Yeah, The Case Study of Vanitas is definitely my jam. Not that many of my fellow bloggers seem to be watching it. I only see a few talk about it now and then but AniList tells me it’s the 4th most popular show of the season so I’m happy. It would be a huge bummer if part 2 got cancelled.
There is of course no chance in.. a blue moon, that Vanitas gets so popular it prompts a second season of Pandora Hearts, but that would be my wildest dream come true. I really loved that show. If anyone knows where I can still find the Pandora hearts manga box set, please let me know!
There was a content warning at the beginning of this episode. And actual content warning. I don’t think I’ve ever seen that on a streaming anime before. So I was getting ready for some real gross stuff and then I got, happy summer days at the castle in the forest!
Don’t get me wrong, I wasn’t disappointed. First, all of the kids were adorable. Genuinely adorable. I might have fallen in love with Domi a bit. And Noé might be a little less of a cry baby (arguable) but otherwise hasn’t changed much. It was a pleasant and funny little romp down memory lane. I know that realistically the first half of the episode was really a tonal detent meant to make the second half hit harder by contrast. But t me, this was the important part of the episode.
This was the part that explained that Noé had a tough life but also often a happy and privileged one. It showed that he wasn’t some maligned and completely isolated kid that would grow up to hate everyone but a gentle child that had friends who deeply loved him and is now a compassionate adult who can deeply love his friends. It showed that Dominique is a layered character with many aspects to her personality and now I want to know her more.
I know that sequences like these are often considered filler but to me it was foundational. And I think the first half of this episode is going to make me enjoy everything that follows in the Case Study of Vanitas just a little bit more.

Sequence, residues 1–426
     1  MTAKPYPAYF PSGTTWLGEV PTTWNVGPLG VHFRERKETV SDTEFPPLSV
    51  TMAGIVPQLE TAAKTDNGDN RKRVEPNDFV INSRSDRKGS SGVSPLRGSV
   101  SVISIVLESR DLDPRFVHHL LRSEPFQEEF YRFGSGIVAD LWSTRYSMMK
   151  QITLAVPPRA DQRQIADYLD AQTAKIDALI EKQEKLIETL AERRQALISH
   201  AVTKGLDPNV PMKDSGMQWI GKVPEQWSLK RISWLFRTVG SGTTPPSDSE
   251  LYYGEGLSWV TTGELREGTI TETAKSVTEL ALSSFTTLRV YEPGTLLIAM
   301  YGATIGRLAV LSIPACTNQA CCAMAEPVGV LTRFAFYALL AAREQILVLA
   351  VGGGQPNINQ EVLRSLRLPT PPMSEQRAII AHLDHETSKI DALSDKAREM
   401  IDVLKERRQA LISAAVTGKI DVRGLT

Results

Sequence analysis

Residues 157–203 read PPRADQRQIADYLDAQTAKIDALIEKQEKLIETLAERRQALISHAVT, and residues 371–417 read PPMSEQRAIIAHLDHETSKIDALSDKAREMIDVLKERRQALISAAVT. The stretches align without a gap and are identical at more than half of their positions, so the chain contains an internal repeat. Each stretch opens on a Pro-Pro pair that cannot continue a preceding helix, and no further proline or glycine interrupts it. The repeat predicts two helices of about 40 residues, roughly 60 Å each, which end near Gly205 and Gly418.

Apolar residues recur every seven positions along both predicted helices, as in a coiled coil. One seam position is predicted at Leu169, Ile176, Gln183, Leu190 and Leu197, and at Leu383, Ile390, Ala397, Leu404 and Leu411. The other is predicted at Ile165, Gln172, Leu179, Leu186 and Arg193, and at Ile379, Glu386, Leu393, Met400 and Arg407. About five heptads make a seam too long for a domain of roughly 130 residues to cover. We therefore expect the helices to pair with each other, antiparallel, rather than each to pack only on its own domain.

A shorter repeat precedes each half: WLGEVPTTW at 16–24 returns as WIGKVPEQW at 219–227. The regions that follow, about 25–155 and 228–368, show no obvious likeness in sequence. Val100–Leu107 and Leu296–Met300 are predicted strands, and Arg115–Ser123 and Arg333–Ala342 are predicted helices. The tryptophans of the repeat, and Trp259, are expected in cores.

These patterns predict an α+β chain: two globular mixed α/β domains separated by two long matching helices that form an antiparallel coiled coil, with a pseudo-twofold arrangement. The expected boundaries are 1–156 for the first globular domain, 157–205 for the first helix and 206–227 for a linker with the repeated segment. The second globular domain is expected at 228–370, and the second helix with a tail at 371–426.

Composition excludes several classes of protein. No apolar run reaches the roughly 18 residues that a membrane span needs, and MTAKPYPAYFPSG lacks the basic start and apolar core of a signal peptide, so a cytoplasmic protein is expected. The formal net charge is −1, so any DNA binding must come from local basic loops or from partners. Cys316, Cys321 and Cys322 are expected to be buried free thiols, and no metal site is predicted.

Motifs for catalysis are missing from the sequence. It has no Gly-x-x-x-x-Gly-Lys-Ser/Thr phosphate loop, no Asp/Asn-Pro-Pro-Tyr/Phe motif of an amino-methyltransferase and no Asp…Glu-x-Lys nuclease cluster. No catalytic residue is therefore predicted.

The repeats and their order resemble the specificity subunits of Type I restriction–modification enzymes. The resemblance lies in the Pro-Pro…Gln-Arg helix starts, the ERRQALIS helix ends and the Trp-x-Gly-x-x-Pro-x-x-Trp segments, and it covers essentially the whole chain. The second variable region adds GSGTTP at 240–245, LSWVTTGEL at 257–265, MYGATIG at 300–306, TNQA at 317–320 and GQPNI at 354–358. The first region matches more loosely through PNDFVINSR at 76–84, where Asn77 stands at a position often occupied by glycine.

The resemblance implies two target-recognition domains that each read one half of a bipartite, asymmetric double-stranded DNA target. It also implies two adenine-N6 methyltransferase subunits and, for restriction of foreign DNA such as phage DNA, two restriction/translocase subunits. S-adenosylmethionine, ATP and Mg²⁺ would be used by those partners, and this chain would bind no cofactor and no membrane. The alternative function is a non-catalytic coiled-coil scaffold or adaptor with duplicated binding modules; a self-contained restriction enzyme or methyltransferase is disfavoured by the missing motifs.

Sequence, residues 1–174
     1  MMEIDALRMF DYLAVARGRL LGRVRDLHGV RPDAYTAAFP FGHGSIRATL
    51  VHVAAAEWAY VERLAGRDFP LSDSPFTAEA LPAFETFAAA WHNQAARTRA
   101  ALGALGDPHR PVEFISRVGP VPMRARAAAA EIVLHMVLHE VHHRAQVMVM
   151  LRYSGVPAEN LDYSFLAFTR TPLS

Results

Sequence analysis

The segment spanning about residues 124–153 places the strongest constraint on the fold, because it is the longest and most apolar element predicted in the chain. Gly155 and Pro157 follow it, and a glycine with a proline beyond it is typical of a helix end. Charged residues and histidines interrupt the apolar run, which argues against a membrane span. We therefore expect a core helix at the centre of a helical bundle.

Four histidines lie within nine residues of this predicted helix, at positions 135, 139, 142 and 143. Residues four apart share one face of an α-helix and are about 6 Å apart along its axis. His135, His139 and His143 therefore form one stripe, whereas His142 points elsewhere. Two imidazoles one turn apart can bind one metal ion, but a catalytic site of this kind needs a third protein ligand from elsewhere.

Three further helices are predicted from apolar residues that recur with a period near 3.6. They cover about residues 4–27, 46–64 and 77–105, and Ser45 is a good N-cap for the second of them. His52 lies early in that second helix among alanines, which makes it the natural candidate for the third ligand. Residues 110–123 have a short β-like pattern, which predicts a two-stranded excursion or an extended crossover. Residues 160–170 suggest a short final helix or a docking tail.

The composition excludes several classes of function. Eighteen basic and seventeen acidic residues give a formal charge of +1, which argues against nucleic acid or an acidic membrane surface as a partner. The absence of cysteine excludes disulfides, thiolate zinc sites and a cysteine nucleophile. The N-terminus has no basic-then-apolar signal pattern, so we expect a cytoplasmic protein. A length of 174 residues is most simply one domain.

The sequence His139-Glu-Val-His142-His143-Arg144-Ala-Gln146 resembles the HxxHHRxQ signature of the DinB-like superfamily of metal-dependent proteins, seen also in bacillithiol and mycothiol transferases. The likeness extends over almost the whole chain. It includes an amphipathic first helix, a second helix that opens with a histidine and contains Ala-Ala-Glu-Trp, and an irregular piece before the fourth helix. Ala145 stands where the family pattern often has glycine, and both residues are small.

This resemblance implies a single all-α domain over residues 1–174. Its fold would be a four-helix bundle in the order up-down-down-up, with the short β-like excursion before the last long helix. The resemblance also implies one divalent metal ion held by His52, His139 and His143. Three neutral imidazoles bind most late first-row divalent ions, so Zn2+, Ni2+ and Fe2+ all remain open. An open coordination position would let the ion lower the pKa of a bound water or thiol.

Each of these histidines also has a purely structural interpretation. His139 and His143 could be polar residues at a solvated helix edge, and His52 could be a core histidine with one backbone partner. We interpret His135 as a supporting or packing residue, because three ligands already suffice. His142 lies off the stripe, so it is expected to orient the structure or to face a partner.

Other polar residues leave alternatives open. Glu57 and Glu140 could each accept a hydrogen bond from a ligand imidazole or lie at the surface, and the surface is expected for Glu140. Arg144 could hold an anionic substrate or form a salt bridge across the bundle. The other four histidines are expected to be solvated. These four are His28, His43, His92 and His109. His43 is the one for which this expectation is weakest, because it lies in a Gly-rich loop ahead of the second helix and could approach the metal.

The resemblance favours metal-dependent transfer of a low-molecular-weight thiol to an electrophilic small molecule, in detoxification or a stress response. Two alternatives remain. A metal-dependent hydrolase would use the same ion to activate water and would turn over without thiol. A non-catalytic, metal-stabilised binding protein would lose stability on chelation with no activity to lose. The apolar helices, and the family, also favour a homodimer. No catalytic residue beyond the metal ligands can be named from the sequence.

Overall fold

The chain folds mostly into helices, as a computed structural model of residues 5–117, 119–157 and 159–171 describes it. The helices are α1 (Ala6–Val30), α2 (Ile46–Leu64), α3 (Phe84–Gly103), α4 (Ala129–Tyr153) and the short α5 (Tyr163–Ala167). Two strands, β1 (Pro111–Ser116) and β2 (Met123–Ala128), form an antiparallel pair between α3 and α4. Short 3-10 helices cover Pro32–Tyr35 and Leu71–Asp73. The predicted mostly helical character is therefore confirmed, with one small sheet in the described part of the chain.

However! hear me out on this, this was also a huge missed opportunity. Where was kitten Murr? Huh? ‘Cmon guys, how can you not put in kitten Murr? What is this, amateur hour?
There are two basic boogiemen you have to be scared of in order to accept The Case Study of Vanitas at face value. I’ll come back a bit on the face value part. The first is Charlatan and the second is the curse, both in the curse bearers and in contracting the curse. And the show is doing a surprisingly good job at building both up to be genuine threats.
That’s impressive considering how generally goofy The Case Study of Vanitas is. But Charlatan has this unnerving design that clashes with everything else and makes it uncanny. An enemy that is seemingly unmaterial and therefore invulnerable and that attacks by breaking your psyche down. It’s scary! While the curse seems to be portrayed as a monstrous Alzheimers. A disease that robs you of your sense of self and your understanding of the world, driving you mad in the process. If Charlatan was scary, then the curse is horrifying.
And this is what the second half of the episode drove home. The curse bearers aren’t completely gone. They have these brinks of sanity where they realize what’s happening and you know they’re just normal people. Scared, lonely and disgusted with themselves. When you consider this, it does make Vanitas’ quest to save the vampires so much more compelling when you see it in that light.
So what now? Well, naturally our two dashing heroes are going to have to kick some smokey Charlatn behind and put an end to all this nonsense. But the question that’s gnawing at me is why.
I thought Charlatan was corrupting vampire names. Filling their hearts and minds with darkness until they lost themselves. But that’s not it, is it. He’s collecting true names. Actually taking them away. Guys, why is Charlatan collecting vampires’ true names? What’s it going to do with them? This doesn’t sound like good news.
Oh and yeah, I guess Jeanne didn’t kill Vanitas. That’s kind of a good thing or whatever.